Garlic – 2 large cloves, but adapt to taste.
Tahini – a very generous 1/4 cup.
Lemon juice – Start at 1/8 cup and taste-test up.  I ended up with over 1/4 cup but then again my tastebuds lean towards sour.
Oil for coating pan, either EVOO or sesame.
Salt and Pepper to taste.

Pre-heat oven to 400 F.

Slice eggplant into half, cutting off ends, stems and bad bits.  Place on oiled baking pan.  (If you are using a heavy duty supermarket one, you may want to soak it in a little salt water and lemon juice to draw off bitterness, after some initial cutting so that the salt can do its sork.  Soak for an hour, drain and dry before proceeding with roasting…)

Roast, covered, with a little oil (extra virgin olive oil, or sesame oil) for about 35-40 minutes.  Allow to cool so you can handle it.  Use a spoon to scoop the flesh out from the skin.  (For small Asian eggplants, you can leave the skin on, but it may be harder to mix, judgement call up to you.)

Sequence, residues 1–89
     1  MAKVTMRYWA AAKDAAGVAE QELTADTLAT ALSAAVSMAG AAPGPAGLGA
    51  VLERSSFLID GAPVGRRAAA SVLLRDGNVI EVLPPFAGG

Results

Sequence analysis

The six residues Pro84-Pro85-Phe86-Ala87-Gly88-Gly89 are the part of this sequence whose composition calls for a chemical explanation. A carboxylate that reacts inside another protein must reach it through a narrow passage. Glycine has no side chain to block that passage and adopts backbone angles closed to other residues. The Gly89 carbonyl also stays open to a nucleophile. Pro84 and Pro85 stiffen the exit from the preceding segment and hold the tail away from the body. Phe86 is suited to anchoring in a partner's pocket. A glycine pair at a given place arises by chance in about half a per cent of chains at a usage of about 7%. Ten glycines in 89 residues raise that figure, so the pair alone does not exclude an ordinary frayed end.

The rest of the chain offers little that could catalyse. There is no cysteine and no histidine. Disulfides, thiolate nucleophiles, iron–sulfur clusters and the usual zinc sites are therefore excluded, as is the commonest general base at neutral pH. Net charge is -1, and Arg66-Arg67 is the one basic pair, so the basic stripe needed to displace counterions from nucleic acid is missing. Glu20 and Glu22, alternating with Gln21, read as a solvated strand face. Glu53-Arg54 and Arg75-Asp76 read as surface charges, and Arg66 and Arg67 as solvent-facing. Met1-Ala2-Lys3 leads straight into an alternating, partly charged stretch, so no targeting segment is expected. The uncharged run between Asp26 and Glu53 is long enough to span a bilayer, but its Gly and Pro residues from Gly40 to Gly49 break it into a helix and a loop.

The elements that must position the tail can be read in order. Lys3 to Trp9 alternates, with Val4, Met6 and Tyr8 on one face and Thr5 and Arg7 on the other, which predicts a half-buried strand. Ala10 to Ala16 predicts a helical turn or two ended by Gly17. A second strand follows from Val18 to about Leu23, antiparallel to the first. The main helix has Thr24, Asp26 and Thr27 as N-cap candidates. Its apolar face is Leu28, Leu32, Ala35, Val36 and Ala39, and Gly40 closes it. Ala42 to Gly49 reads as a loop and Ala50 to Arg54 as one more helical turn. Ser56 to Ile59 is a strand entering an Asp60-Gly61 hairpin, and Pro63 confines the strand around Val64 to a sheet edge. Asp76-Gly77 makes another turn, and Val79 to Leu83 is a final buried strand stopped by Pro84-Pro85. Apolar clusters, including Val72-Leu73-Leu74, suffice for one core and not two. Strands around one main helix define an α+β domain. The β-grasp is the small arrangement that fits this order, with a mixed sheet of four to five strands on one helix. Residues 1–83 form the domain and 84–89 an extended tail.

Combine eggplant flesh with all the rest of the ingredients, and mix.  You may need to use a food processor or a simple Smart Stick.  You can mix until total smoothness, or like me, you can mix to a still-granular, but combined, texture.   Taste and adjust seasonings accordingly.  If your tahini is very dry  (mine came from a Lebanese source, and thus was not), you can add some extra olive or sesame oil (even toasted)  if desired.

You can let it sit for a while to develop flavor.  This will also freeze, if needed.  (You can also freeze straight-up eggplants, or so I was informed by the vendor, by blanching, then freezing.)  When serving, strips of cucumber, bell pepper, or celery could be good ideas.  I prefer just a spoon when it is just for me…

Garnish with cilantro or parsley, if desired.  Parsley would be more traditional to the region.

PS, this star veggie is also known as aubergine, in the British Isles.